Judge: Paul Ferguson ‘just as bad, if not worse’ than his mother

Posted at 11:53 AM, February 26, 2024

MUSKEGON, Mich. (Court TV) —  A Michigan judge told Paul Ferguson he didn’t believe that he was completely under his mother’s control as he was sentenced for the brutal child abuse that led to his little brother’s death.

Paul Ferguson and his attorney sit in court

Paul Ferguson sits in court during his sentencing on Feb. 26, 2024. (Court TV)

Judge Matthew Kacel sentenced Ferguson, 21, to 30-100 years in prison after he pleaded guilty to a single county of first-degree child abuse. Ferguson pleaded guilty days after his mother, Shanda Vander Ark, was convicted of murder and child abuse in connection with her son, Timothy’s, death on June 6, 2002.

Ferguson testified at his mother’s trial and told the jury that he was manipulated by his mother into the brutal treatment of his younger brother. While Ferguson admitted to acting as the enforcer for his mother’s abuse, he had said that all the mistreatment had been at her direction. Judge Kacel rejected this argument and said that he believed the abuse was a “collaborative effort” between the two.

Ferguson addressed the court during his sentencing, saying that no words could voice his regret.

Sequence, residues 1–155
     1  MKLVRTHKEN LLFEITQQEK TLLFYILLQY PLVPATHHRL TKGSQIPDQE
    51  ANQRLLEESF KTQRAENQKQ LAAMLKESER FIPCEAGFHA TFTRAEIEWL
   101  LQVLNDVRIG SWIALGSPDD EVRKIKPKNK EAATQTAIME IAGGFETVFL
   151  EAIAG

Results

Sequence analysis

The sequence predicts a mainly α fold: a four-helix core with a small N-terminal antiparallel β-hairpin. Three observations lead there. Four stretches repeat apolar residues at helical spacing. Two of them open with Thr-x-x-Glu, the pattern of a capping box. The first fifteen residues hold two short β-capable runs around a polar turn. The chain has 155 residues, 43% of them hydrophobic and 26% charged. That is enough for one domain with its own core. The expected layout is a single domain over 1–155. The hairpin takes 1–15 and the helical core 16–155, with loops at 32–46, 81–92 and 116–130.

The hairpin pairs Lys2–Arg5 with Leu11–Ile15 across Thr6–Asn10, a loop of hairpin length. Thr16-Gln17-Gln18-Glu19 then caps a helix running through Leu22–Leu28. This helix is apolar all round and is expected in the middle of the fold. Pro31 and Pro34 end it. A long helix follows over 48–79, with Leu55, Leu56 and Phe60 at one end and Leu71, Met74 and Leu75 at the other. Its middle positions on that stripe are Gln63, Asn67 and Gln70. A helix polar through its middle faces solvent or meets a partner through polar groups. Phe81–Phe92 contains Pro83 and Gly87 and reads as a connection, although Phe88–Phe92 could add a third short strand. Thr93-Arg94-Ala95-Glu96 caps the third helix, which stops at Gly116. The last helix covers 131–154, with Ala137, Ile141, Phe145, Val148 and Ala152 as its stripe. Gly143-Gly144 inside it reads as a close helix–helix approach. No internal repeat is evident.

“I ask the judge for nothing more than mercy and fairness. To offer me compassion, so I might learn from him. I only hope to better myself in the coming days, and serve my time with what little honor I have left.”

Judge Kacel said that while the defense had argued that Ferguson was under his mother’s control and questioned whether he was on the autism spectrum, there was no evidence in the reports submitted to the court suggesting that he had any mental disease.

“This has been a careful, manipulated story from the very beginning of this thing,” Judge Kacel said. “He’s going to put the blame on his mom. ‘I’m going to be manipulated. I have Asberger’s Syndrome. I have autism. I have Stolkholm Syndrome.’ … The truth of this is that we have two individuals, two individuals that lack empathy, who lack emotion.”

While noting that Ferguson was not socialized properly and was, in part, a product of the environment in which he was raised, the judge expressed concern about his ability to reform. “The court is concerned that Mr. Ferguson will not get the help he needs in prison. I think he’s one step away from becoming a psychopath, like his mother, and the court is concerned that he represents a danger to the public. That, if released, he would present a significant danger to the public.”

Referring to Ferguson’s mother, who was sentenced to life in prison for killing Timothy, Judge Kacen said, “I think you’re just as bad, if not worse.”